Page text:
From JDSupra, Mark Tabakman discusses a recent case which turned, in part, on the court’s finding that the services provided by the worker were not part of Costco’s usual course of business because it was not integral to the business. Mark writes:
There are so many independent contractor cases that go against the employers that when one goes the other way, it is a big deal. That is what has just happened with a Costco contractor who alleged the Company misclassified her to avoid paying her overtime. The case is entitled Williams v. Costco and issued from the Ninth Circuit Court of Appeals. The appellate court affirmed a lower court decision, where the Judge found that the Company did not have sufficient control over her activities and her roadshow job was not integral to the Company’s business.
These workers are in-store demonstrators; they provide sample products to customers who could then purchase those products. The Ninth Circuit wrote that “she presented no evidence to dispute Costco’s factual assertions and no evidence to suggest that, notwithstanding the distinctions identified by Costco, roadshows are sufficiently similar to Costco’s other selling activities to fall within its usual course of business.”
The plaintiff argued that Costco controlled her work activity by mandating that roadshow booths were to be manned at all times, as well as giving guidelines for appropriate dress. The Company responded by asserting that it told its suppliers, not the roadshow workers, that the booths should be staffed at all times and that the demonstrators had to (naturally) be dressed appropriately. The Court agreed, also rejecting the contention that the plaintiff’s direct interactions with Costco staff without a supplier supervisor being present meant that Costco controlled her working conditions.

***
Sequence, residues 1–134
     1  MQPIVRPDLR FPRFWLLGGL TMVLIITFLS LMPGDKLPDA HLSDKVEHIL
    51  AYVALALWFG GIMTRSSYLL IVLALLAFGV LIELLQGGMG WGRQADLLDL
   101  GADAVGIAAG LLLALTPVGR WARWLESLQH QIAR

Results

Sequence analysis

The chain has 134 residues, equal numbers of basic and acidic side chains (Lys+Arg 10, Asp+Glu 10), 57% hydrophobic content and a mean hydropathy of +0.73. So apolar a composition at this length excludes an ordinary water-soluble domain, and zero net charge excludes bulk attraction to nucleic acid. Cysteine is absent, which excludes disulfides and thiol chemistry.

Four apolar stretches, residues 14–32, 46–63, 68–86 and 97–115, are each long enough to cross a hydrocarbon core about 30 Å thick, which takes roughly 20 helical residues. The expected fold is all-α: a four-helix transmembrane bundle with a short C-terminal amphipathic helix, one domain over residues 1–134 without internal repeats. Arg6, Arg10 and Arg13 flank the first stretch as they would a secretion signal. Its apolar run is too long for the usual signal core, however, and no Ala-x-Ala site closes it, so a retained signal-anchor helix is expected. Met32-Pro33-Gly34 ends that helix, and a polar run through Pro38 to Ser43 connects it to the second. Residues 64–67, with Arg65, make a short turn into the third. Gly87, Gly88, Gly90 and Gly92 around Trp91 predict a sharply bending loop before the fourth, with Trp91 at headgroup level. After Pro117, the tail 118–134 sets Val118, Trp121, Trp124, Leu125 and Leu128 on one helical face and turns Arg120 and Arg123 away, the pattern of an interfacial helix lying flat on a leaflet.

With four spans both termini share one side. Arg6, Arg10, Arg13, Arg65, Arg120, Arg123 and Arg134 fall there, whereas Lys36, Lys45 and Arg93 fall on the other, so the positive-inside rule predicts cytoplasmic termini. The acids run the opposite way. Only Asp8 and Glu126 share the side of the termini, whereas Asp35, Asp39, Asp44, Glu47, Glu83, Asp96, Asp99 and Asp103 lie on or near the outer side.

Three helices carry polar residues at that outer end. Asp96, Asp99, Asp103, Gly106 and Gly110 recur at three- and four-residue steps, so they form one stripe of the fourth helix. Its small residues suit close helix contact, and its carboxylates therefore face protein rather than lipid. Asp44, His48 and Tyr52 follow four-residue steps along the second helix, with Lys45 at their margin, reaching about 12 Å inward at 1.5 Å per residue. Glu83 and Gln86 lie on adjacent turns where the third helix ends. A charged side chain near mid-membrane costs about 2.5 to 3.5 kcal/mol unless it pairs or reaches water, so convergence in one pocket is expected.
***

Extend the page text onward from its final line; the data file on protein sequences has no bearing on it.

The Ninth Circuit also disagreed that the plaintiff’s work was integral to Costco’s main business. The lower court had concluded that the work of a demonstrator was not within the “usual course of business.” Further, as the Company did not control work hours or working conditions, the (very onerous for employers) ABC test did not apply. Lastly, the plaintiff’s claim that Costco jointly (with the supplier) employed her because she had a Costco badge and was admonished for leaving her merchandise display station also fell on deaf ears.
I like this holding because the Court, quite importantly, made the finding that the work of this person was not integral to the business of Costco. Many independent contractor defenses founder on that issue, such as a trucking company hiring a truck driver and deeming him an independent contractor, because driving a truck is an integral part of the business if a trucking company, as oppose to someone fixing a hole in the roof. Also, the Court emphasized the lack of control, giving short shrift to the contention that wearing a badge of the entity shows control.
All in all, a good roadmap…